Accurate, rapid testing for the novel coronavirus (SARS-CoV-2) is crucial to controlling the COVID-19 pandemic. In previous installments of this blog series, we covered the real-time reverse transcription polymerase chain reaction (rRT-PCR) test, the serology test, and the antigen test for the novel coronavirus.
The rRT-PCR assay sample is gathered by nasal swab, run on a QPCR machine and can diagnose an active infection. Serology testing, which scans blood samples for antibodies to the virus, can indicate a previous infection — and potential immunity. Antigen testing detects antigens in samples collected via nasal swab, indicating an active coronavirus infection. Each test has its own advantages and limitations.
rRT-PCR tests are the gold standard, but they have poor sensitivity for early infection detection and are inconsistent in serial testing throughout the course of the infection. The nasopharyngeal swab used in PCR and antigen testing (which is experiencing a global supply chain crisis) can be invasive and uncomfortable, thus limiting compliance for repeat testing. The swab can also trigger coughing and sneezing, which puts healthcare workers at increased risk. The key limiting factor in accurate testing using nasal swab collection is the necessity of sample collection by a trained professional. These challenges are magnified in lower-income locations where the population lacks reliable access to testing components or healthcare.
The ideal SARS-CoV-2 test must be sensitive to mild and asymptomatic infections, so that it can be used to identify the need for self-isolation and reduce viral transmission. It must also be consistent and have a high level of accuracy, which will help to monitor disease progression and aid in clinical decisions. The ideal test must be scalable to large numbers of people so that it can shape public health policies. Finally, a more reliable and less resource-intensive sample collection method is needed — ideally one that could be self-administered. These qualities would enable the safest possible path forward to large-scale testing.
Saliva Testing for SARS-CoV-2
According to a study from Yale School of Public Health called “Saliva is more sensitive for SARS-CoV-2 detection in COVID-19 patients than nasopharyngeal swabs,” saliva-based testing could be a solution. Saliva has shown comparable sensitivity to nasal swabs in the detection of respiratory pathogens — including other coronaviruses — in past studies, and saliva sample collection is minimally invasive and can be reliably self-administered. Saliva samples are then sent to the lab to undergo the rRT-PCR assay.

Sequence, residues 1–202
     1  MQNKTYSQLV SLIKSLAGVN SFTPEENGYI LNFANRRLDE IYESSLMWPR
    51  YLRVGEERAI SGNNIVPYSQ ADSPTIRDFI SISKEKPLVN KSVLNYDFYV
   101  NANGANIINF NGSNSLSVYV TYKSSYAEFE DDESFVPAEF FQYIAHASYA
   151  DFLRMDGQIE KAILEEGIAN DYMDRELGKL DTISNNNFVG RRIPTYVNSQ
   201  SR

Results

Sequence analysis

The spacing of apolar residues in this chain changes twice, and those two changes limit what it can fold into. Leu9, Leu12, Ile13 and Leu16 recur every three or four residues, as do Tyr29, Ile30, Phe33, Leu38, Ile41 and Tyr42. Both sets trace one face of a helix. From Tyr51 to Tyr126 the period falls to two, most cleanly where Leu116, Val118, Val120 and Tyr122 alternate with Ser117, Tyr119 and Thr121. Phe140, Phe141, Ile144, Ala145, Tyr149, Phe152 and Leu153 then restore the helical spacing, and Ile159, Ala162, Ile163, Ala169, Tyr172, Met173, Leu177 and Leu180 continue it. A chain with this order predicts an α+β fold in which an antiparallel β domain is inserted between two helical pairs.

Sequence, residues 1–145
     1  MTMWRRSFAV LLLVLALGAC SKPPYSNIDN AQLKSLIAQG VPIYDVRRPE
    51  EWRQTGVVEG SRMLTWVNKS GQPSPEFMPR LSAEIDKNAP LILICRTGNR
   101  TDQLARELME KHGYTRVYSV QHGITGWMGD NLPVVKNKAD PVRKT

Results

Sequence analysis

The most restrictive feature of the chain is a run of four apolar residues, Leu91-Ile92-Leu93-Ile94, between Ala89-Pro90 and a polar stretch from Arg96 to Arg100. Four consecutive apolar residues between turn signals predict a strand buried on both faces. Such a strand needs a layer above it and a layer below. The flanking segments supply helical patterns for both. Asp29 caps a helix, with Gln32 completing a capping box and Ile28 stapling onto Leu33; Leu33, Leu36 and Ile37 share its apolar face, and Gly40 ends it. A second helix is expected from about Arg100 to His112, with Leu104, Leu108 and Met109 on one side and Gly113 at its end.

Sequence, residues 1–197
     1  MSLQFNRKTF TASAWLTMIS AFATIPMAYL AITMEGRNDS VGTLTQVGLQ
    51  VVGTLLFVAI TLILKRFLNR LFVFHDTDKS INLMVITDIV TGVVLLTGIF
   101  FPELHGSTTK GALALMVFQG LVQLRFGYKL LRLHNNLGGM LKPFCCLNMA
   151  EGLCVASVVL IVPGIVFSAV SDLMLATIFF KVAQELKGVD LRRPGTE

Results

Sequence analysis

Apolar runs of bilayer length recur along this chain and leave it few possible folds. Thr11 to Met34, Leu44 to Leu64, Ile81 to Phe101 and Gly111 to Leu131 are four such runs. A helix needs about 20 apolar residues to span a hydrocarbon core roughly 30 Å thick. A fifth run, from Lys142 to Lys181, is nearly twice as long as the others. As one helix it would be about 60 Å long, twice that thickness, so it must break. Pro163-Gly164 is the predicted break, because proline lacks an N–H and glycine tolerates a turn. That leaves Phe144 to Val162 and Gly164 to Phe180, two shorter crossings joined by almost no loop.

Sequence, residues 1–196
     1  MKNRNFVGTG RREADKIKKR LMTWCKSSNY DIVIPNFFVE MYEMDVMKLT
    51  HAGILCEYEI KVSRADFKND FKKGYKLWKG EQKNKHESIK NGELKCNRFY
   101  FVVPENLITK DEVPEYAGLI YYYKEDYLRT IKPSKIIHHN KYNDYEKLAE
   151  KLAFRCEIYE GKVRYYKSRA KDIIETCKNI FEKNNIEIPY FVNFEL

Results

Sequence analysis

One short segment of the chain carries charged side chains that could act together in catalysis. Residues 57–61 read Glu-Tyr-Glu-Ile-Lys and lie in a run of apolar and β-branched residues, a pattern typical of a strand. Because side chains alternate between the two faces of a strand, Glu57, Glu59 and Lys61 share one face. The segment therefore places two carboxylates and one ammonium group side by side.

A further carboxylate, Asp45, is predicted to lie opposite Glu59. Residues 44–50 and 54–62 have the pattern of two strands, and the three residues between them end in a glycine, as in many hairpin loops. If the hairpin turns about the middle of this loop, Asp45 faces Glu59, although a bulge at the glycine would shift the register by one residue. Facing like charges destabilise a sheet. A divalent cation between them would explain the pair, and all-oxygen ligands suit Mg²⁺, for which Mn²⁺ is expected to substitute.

The study tested nasopharyngeal and saliva samples from two cohorts: confirmed COVID-19 patients and self-collected samples from asymptomatic (but high- or medium-risk) healthcare workers on COVID-19 wards. Prior to the study, no rigorous evaluation had been performed comparing the two testing methods on inpatients. The researchers found that SARS-CoV-2 detection sensitivity was greater with saliva samples than with patient-matched nasopharyngeal samples. Saliva yielded both greater detection sensitivity and greater consistency in test results throughout the course of the infection.
The team of 50 Yale researchers collected samples from 44 inpatient study participants with a range of disease severity. Of those 44 patients, 43 percent were in the ICU, 23 percent were intubated and 10 percent eventually died from the disease. Over the course of the study, 121 self-collected saliva samples or healthcare-administered nasopharyngeal swabs were collected from the cohort.
From all of the positive samples tested, the researchers found that virus titers from saliva were about five times higher than those of nasopharyngeal swabs. In eight matched samples, the virus was detected in the saliva but not in the nasopharyngeal swabs.
Overall, temporal diagnostic testing from nasal swabs is reported to be variable. Thus, the team tested longitudinal nasopharyngeal samples and saliva samples to see which sample type provided more consistent results. Virus titers generally increased in both nasal and saliva samples following the reported date of symptom onset. There were five instances in this study in which the nasal swab was negative at the first test and positive at the next test — but no instances where this change in test results occurred when measuring by saliva. This is important because two consecutive negative tests are needed to make discharge decisions. The results suggest that saliva is more consistent for monitoring temporal changes in infection.
Saliva was also more consistent as a self-sampling method among 98 asymptomatic healthcare workers included in the study’s second cohort. During the experimental period, the team collected saliva samples or nasal swabs an average of once every three days. Titers from asymptomatic healthcare workers’ saliva were lower than for symptomatic patients. The data collected supports the fact that saliva would be more sensitive for detecting presymptomatic and asymptomatic infections, but a larger sample is needed to be certain.
Saliva testing provides more consistent results during extended hospitalization and recovery, and it can be more sensitive than testing nasopharyngeal swabs. Using saliva for diagnostic tests also negates the need for direct healthcare worker–patient interaction, as self-sampling is simple.
If saliva were validated for detection of subclinical infections, it would be a game-changer for remote patient sample collection as well as surveillance of healthcare workers.
The authors of the study have called for immediate validation of the results and implementation of saliva diagnostics in clinical labs, and a saliva assay has already been granted emergency use authorization.
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